The NFL's Most Notorious Underachiever Wants A Doctorate In Psychology

    There's a statue venerating Ricky Williams outside the University of Texas football stadium. Sixteen years and one tumultuous pro career later, he's back on campus – with a very different purpose.

    Ricky Williams was walking across the University of Texas at Austin campus at the end of the fall 2014 semester, headed to take his American Government final exam. With him were two classmates — current student-athletes — who nervously discussed their grades in the course. One student said he hoped for a C, then asked Williams what grade he carried in the class. Williams said he had a high A, a 95%. The student-athletes hurried their pace and left Williams trailing behind.

    “Whoops, I probably should have kept that to myself,” Williams recently said over a cup of green tea at a café adjacent to the campus, twisting his face as if he were embarrassed, then laughing.

    Twenty years ago, Williams was just like the young men who left him in the dust that day. He first enrolled at the University of Texas in 1995, and then played four seasons of record-breaking — and Heisman-winning — football as a running back. Through the first two years, his C-level grades reflected the academic ambitions of his successors on the field. His only A in his first three semesters came in an Introduction to Psychology class.

    Williams is now back in school at the University of Texas and is within a year of finishing his long-suspended bachelor’s degree. Soon to begin his third semester, Williams is working toward a degree in Physical Culture and Sports, a program that allows him to study the philosophy, history, and, most notably, the psychology of athletics. After graduation, he intends to apply to graduate programs with the hope of earning a Ph.D. in psychology.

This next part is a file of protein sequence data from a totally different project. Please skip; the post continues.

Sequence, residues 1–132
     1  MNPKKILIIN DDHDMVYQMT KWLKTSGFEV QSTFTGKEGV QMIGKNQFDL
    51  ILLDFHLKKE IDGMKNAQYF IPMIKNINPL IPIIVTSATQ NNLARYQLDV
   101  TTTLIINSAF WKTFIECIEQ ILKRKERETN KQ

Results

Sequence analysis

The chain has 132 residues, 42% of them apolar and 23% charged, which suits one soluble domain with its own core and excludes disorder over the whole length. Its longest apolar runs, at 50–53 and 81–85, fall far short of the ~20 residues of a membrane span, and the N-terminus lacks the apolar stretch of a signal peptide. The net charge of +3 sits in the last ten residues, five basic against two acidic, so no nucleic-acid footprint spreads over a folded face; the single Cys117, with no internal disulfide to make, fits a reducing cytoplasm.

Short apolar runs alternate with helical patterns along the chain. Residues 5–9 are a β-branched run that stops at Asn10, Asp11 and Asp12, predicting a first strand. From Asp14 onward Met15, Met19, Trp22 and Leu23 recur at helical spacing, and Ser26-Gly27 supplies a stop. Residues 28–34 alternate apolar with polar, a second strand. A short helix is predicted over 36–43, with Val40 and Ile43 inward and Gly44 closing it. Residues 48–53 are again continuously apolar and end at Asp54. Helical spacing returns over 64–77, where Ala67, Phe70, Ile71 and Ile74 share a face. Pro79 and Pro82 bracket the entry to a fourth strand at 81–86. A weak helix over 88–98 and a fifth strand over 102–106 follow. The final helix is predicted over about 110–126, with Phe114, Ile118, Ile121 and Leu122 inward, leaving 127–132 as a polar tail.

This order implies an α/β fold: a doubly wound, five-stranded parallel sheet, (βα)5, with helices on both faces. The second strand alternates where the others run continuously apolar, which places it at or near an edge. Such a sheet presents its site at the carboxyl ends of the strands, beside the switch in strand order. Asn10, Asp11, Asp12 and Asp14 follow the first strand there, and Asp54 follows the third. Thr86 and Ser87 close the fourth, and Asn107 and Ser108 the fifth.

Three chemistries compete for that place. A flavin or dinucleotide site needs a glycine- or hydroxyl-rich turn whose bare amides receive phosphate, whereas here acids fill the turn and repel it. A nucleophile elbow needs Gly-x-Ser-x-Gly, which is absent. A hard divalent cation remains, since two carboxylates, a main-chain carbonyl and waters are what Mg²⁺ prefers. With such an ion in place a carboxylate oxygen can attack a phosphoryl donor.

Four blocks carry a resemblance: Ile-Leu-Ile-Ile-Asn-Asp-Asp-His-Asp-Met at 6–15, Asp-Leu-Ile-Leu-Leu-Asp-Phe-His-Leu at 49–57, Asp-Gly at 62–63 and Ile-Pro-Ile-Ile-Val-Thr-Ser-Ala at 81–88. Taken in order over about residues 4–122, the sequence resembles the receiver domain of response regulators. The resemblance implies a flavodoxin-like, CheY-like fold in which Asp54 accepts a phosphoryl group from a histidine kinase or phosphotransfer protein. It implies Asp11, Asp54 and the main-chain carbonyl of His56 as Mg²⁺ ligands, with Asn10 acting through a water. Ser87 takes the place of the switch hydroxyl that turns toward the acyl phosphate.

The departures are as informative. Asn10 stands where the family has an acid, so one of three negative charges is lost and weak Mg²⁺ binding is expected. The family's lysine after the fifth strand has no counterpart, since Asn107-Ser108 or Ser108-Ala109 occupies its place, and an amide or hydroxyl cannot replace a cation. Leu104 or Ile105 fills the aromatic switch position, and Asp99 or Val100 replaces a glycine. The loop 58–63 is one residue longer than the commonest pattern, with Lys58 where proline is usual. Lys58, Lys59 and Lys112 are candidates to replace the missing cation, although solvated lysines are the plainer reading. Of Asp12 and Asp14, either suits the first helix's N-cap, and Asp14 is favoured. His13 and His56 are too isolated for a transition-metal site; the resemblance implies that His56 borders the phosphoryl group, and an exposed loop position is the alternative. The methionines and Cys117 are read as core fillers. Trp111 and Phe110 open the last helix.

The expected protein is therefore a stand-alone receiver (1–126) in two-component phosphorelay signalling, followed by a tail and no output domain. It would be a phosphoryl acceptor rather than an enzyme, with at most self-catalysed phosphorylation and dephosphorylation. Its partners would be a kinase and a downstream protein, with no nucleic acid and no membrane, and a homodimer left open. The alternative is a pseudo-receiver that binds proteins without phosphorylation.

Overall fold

Most people know Williams from his 11 tumultuous years as a running back in the NFL, but his public discussion of his social anxiety and marijuana use while he was a league star has often hung over him like a cloud. When Williams was on the field, he showed a glimmer of becoming the greatest, a thrill that undoubtedly embittered fans who watched as he dropped out, and in, and out of the league. Now, as Williams orients himself within the world of academia, he is adjusting to another difficult-to-navigate new territory: consistency.

    Williams with the Miami Dolphins in 2009.

    In Williams’ 38 years, turmoil has been one of few constants. From a fractured family environment as a child to his back-and-forths with the NFL, his experiences have instilled in him an intimate knowledge of chaos. But Ricky Williams is no longer the limitless young man he was at the peak of his fame: He is a father, a husband, a man who lives comfortably in a nice home in suburban Austin. He could be a generic American man. But though the tumult has mostly settled, there’s still a frenetic vibration that remains. It makes Williams handle his new challenges in a way that is, as always, uniquely Ricky.

    “I find my biggest challenge is getting people to let go of me as a football player and be willing to consider me as that and something else,” Williams said during an interview on UT’s campus in June. “But for most people, being a professional football player is like the pinnacle of their imagined life or actual life. For me, as much as I tried to make it that, it just hasn't worked. I still want more.”

    As a kid, Williams dreamed of playing professional baseball — he grew up loving the fast feet of Rickey Henderson and the 1980s Oakland Athletics — or becoming a teacher. But like so many of this generation’s top athletes, Williams saw football as “his way out” of a tumultuous childhood. After his four seasons at UT, he answered when the NFL came knocking. “If I were being true to myself,” he says now, “I probably wouldn’t have gone into the NFL. Sometimes I feel like I wasted at least five years of my life playing football. It wasn’t really what I wanted to be.”

    "Sometimes I feel like I wasted at least five years of my life playing football. It wasn’t really what I wanted to be.”